EMBA 225 Week 1 The Individual: Attitudes, Values and Motivation. What are attitudes?. Cognitive Component The opinion or belief segment of an attitude. Attitudes Evaluative statements or judgments concerning objects, people, or events. Affective Component
The Individual: Attitudes, Values and Motivation
The opinion or belief segment of an attitude
Evaluative statements or judgments concerning objects, people, or events
The emotional or feeling segment of an attitude
An intention to behave in a certain way toward someone or something
A collection of positive and/or negative feelings that an individual holds toward his or her job
Identifying with the job, actively participating in it, and considering performance important to self-worth
Identifying with a particular organization and its goals, and wishing to maintain membership in the organization (Affective, Normative, and Continuance Commitment)
Perceived Organizational Support
Degree to which employees feel the organization cares about their well-being
An individual’s involvement with, satisfaction with, and enthusiasm for the organization
Behavior directed toward leaving the organization
Active and constructive attempts to improve conditions
Passively waiting for conditions to improve
Allowing conditions to worsen
Desirable end-states of existence; the goals that a person would like to achieve during his or her lifetime
Preferable modes of behavior or means of achieving one’s terminal values
The processes that account for an individual’s intensity, direction, and persistence of effort toward attaining a goal
Hierarchy of Needs Theory
There is a hierarchy of five needs: physiological, safety, social, esteem, and self-actualization; as each need is substantially satisfied, the next need becomes dominant.
Needs that are satisfied externally; physiological and safety needs
Needs that are satisfied internally; social, esteem, and self-actualization needs
Managers See Workers as…
Managers See Workers as…
*(NOTE: THIS IS NOT THE SAME AS NEGATIVE REINFORCEMENT)
Both Hygiene Factors & Motivators are Important
Management by Objectives (MBO)
A program that encompasses specific goals, participatively set, for an explicit time period, with feedback on goal progress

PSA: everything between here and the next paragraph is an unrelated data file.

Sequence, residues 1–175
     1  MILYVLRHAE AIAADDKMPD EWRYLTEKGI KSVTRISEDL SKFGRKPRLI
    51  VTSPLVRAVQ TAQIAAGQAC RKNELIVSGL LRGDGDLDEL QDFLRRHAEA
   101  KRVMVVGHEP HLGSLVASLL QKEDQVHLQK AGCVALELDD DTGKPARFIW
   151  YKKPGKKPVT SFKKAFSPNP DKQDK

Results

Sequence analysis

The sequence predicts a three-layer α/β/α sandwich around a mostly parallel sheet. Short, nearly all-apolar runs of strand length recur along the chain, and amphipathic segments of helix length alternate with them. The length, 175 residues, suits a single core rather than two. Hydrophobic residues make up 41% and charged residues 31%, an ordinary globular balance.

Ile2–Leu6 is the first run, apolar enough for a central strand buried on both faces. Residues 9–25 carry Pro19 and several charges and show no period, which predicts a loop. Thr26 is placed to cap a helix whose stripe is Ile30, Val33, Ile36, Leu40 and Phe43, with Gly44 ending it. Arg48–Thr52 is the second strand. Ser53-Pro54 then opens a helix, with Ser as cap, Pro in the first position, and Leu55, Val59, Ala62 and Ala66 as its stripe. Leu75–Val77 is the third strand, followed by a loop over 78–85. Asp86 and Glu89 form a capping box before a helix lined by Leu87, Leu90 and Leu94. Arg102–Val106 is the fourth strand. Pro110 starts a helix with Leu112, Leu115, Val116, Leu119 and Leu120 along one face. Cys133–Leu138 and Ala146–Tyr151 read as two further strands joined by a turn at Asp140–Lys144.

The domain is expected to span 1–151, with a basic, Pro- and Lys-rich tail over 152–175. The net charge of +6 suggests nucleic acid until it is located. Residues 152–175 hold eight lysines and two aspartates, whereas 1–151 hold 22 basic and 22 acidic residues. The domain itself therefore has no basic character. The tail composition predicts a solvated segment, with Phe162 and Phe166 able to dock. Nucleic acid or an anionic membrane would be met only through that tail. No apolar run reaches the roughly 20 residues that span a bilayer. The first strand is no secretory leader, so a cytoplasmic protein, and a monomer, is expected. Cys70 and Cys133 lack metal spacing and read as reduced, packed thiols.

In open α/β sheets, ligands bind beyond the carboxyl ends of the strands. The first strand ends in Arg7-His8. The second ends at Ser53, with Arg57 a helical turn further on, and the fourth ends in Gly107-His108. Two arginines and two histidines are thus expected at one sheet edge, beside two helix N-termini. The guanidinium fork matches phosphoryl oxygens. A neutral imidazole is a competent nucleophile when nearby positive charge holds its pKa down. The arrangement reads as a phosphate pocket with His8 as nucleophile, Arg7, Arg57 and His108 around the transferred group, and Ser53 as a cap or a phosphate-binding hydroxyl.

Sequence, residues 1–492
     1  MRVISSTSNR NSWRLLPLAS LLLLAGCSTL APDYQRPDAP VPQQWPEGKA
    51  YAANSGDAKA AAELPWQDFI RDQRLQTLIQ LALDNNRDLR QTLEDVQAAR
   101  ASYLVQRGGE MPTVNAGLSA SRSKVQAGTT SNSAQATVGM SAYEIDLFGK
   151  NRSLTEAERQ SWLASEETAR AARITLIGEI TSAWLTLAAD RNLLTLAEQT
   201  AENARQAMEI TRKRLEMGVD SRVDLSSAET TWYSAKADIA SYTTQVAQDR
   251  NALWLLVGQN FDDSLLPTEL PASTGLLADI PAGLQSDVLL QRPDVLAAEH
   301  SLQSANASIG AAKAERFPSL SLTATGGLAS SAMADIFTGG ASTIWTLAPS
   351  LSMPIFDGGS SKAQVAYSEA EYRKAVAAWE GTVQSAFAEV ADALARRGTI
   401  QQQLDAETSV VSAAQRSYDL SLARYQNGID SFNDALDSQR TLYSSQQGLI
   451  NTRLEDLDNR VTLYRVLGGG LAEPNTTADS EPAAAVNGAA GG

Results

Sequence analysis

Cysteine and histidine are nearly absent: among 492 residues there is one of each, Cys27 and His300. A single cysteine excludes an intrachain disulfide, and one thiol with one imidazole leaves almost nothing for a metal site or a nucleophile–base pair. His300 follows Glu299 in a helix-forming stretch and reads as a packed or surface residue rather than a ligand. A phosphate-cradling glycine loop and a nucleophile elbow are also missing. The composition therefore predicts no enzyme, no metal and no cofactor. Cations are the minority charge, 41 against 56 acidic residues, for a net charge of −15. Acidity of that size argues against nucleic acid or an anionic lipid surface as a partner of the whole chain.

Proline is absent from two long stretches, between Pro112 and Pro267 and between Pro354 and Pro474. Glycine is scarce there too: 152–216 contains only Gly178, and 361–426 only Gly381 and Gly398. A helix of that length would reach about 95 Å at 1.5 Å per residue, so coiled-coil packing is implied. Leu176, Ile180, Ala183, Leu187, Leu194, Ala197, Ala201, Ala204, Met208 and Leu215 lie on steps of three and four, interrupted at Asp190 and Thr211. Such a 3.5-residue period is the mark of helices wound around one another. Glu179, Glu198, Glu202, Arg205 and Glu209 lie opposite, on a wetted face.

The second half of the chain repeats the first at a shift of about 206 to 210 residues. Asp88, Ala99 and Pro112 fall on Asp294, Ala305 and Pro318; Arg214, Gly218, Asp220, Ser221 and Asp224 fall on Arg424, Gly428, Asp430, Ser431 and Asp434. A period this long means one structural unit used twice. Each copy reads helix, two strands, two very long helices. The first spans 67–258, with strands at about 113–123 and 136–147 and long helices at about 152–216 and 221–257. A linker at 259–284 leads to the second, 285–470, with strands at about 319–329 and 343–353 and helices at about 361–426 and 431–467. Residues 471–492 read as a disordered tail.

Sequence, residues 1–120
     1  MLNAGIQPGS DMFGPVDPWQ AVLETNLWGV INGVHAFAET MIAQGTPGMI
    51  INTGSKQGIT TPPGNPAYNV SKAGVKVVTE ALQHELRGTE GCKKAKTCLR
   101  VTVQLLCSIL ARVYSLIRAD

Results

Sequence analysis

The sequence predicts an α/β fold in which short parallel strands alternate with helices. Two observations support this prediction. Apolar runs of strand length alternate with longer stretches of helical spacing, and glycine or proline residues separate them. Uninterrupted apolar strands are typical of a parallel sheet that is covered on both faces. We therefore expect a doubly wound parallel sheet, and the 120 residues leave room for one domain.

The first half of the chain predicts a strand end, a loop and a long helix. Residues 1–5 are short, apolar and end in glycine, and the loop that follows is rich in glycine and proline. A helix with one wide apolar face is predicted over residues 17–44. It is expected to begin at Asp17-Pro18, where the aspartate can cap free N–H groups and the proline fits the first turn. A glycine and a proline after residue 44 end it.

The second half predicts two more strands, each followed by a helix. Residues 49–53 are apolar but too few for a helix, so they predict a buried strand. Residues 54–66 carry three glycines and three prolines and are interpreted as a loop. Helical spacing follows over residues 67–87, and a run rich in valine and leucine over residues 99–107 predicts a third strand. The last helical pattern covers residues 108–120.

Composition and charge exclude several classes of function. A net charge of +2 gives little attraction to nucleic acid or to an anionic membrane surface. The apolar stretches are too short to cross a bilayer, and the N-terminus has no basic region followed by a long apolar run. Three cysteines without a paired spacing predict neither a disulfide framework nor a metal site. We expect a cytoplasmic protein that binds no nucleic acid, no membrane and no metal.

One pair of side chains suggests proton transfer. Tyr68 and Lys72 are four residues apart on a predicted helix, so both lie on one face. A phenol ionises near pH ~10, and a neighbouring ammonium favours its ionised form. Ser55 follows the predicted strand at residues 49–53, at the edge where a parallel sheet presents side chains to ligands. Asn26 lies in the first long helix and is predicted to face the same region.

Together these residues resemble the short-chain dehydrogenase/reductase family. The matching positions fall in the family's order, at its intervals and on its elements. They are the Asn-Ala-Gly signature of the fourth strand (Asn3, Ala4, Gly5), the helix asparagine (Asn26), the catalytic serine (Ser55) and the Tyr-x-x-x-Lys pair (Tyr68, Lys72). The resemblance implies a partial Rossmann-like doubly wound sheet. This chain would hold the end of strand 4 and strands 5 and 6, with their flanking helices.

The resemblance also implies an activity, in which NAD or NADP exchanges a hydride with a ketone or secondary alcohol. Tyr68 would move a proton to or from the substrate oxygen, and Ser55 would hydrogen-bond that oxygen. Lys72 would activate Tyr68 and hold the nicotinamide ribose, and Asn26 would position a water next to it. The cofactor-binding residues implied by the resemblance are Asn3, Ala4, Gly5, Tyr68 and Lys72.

Individuals compare their job inputs and outcomes with those of others and then respond to eliminate any inequities
Perceived fairness of the outcome (the final distribution)
“Who got what?”
Perceived fairness of the process used to determine the outcome (the final distribution)
“How was who gets what decided?”
The degree to which one is treated with dignity and respect.
“Was I treated well?”
Job Rotation (e.g., “Cross-training”)
The periodic shifting of a worker from one task to another
The long-term horizontal expansion of jobs
The long-term vertical expansion of jobs
Employees work during a common core time period each day but have discretion in forming their total workday from a flexible set of hours outside the core.
The practice of having two or more people split a 40-hour-a-week job
Employees do their work at home on a computer that is linked to their office.
Larger labor pool
Reduced office-space costs
Less direct supervision of employees
Difficult to coordinate teamwork
Difficult to evaluate non-quantitative performanceTelecommuting
Employee Involvement Program
A participative process that uses the entire capacity of employees and is designed to encourage increased commitment to the organization’s success
Theory Y(Believing Employees Want to Be Involved)
Employee Involvement Programs
Two-Factor Theory(Intrinsic Motivation)
Piece Rate Pay Plans
Workers are paid a fixed sum for each unit of production completed.
Profit Sharing Plans
Organization-wide programs that distribute compensation based on some established formula designed around a company’s profitability
An incentive plan in which improvements in group productivity determine the total amount of money that is allocated.
Employee Stock Ownership Plans (ESOPs)
Company-established benefit plans in which employees acquire stock as part of their benefits.
Pay levels are based on how many skills employees have or how many jobs they can do.
Skill-based Pay Plans
ERG Theory (Growth)
McClelland’s Need for Achievement
Employees tailor their benefit program to meet their personal need by picking and choosing from a menu of benefit options.